TT Cygni, a carbon star that lies about 1,500 light-years away in the constellation Cygnus. This false-color image was made using a coordinated array of millimeter wavelength radio telescopes and shows radio emission from carbon monoxide (CO) molecules in the surrounding gas. The central emission is from material blown off the red giant over a few hundred years while the thin ring, with a radius of about 1/4 light-year, represents a shell of gas that has been expanding outward for 6,000 years. Credit: H. Olofsson (Stockholm Observatory) et al.
A carbon star is a red giant whose spectrum is dominated by strong absorption bands of carbon-containing molecules. The Swan bands of C2 are especially prominent, with absorption by CN, CH, C3, SiC2, and C aII present to varying degrees, with often a strong sodium D line.
Carbon stars, also known as C stars, have carbon/oxygen ratios that are typically four to five times higher than those of normal red giants and show little trace of the light metal oxide bands that are the usual red giant hallmark. They resemble S stars in their relative proportion of heavy and light metals, but contain far more carbon in their upper layers. The carbon is likely the dredged-up ashes of nuclear helium burning in the stellar interior. Carbon stars lose a significant fraction of their total mass in the form of a stellar wind which ultimately enriches the interstellar medium – the source of material for future generations of stars.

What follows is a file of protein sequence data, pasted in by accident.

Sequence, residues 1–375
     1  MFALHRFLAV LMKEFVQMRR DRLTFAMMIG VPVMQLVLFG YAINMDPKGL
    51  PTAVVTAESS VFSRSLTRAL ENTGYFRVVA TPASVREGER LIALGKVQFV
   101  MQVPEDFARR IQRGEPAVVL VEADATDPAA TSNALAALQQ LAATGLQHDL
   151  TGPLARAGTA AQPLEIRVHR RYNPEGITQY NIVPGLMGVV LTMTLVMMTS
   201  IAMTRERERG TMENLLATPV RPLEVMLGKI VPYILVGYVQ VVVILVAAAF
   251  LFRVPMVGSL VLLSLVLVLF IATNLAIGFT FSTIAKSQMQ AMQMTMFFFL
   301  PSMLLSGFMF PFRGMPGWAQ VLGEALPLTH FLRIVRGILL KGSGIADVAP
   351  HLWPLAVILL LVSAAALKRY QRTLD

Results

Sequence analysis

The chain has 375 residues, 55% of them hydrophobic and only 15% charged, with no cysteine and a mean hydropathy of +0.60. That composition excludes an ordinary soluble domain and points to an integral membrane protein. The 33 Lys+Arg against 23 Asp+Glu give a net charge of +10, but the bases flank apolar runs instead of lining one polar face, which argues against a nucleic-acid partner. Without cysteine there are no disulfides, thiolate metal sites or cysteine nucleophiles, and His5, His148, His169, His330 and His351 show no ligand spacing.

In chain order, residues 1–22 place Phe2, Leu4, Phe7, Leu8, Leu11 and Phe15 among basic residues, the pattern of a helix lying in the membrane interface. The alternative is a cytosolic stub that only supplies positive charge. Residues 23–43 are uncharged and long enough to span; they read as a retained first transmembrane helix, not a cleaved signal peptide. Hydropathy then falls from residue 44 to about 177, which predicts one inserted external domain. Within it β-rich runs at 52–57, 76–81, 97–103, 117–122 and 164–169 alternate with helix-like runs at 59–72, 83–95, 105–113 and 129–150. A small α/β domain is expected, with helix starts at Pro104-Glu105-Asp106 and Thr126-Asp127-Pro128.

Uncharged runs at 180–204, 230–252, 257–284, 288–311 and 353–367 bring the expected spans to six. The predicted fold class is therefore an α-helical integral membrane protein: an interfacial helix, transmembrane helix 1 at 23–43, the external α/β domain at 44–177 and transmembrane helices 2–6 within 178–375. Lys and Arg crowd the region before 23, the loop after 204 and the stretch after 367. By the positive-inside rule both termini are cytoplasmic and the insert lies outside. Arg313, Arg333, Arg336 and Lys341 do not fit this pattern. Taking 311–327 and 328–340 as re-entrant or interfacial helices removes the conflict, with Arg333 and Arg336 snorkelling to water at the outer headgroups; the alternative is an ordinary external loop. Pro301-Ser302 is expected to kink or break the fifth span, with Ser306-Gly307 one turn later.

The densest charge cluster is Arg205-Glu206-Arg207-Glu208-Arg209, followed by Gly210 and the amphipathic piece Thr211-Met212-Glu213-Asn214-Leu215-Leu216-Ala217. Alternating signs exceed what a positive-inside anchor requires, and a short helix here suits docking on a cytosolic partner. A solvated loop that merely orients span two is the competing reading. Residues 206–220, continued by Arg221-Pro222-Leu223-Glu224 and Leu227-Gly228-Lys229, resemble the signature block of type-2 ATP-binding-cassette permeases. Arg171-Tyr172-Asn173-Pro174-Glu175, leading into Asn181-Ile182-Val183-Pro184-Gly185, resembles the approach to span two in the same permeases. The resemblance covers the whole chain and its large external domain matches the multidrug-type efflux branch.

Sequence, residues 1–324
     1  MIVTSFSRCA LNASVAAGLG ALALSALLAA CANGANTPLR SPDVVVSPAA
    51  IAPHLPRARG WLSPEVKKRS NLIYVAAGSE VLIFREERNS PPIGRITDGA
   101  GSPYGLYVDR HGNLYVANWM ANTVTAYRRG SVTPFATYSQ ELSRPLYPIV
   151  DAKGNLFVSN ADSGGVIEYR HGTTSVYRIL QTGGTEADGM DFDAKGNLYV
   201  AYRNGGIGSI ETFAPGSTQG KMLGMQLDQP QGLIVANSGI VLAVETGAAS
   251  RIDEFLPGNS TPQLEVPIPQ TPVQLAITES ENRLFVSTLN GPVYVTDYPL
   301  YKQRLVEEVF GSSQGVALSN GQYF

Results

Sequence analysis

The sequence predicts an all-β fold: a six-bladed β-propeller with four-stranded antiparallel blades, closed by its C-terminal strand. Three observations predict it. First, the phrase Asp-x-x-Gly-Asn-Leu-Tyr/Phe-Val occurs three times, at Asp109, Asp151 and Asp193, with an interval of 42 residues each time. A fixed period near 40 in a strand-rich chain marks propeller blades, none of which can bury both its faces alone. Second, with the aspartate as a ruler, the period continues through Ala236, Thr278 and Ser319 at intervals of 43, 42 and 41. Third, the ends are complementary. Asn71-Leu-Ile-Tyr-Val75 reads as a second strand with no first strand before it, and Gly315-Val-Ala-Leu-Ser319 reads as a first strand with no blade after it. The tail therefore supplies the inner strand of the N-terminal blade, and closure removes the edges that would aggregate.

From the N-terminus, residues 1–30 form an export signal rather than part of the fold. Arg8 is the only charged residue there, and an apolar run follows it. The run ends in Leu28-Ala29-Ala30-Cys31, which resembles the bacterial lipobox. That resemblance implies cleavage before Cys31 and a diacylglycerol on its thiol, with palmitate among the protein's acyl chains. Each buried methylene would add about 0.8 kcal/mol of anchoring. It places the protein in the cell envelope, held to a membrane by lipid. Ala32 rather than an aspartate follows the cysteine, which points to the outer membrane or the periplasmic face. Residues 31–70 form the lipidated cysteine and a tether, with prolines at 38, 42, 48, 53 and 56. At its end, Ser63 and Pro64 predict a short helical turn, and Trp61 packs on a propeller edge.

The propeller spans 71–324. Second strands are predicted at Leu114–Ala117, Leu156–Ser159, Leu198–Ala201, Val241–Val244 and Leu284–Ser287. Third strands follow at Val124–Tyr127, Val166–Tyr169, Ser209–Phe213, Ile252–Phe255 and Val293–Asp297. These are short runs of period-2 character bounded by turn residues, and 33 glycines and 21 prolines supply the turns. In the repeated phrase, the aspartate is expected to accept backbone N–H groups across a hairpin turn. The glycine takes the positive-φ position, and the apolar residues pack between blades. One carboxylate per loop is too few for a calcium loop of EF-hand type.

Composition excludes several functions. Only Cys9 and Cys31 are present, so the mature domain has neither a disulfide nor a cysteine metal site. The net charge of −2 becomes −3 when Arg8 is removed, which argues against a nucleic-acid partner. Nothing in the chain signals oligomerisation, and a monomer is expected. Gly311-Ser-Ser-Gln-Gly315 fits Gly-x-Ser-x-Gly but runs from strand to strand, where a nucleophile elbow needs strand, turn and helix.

|The globular cluster NGC 2108, within the Large Magellanic Cloud, containing a prominent red carbon star (left and below center). Credit: ESA/Hubble & NASA
Carbon stars were previously classified as stars of spectral type R (hotter, with surface temperatures of 4,000 to 5,000 K) and N (up to 10 times more luminous but cooler, with a temperature of about 3,000 K). They are typically associated with some circumstellar material in the form of sooty shells, disks, or clouds. Examples include TT Cygni (shown in the accompanying image) and U Camelopardalis.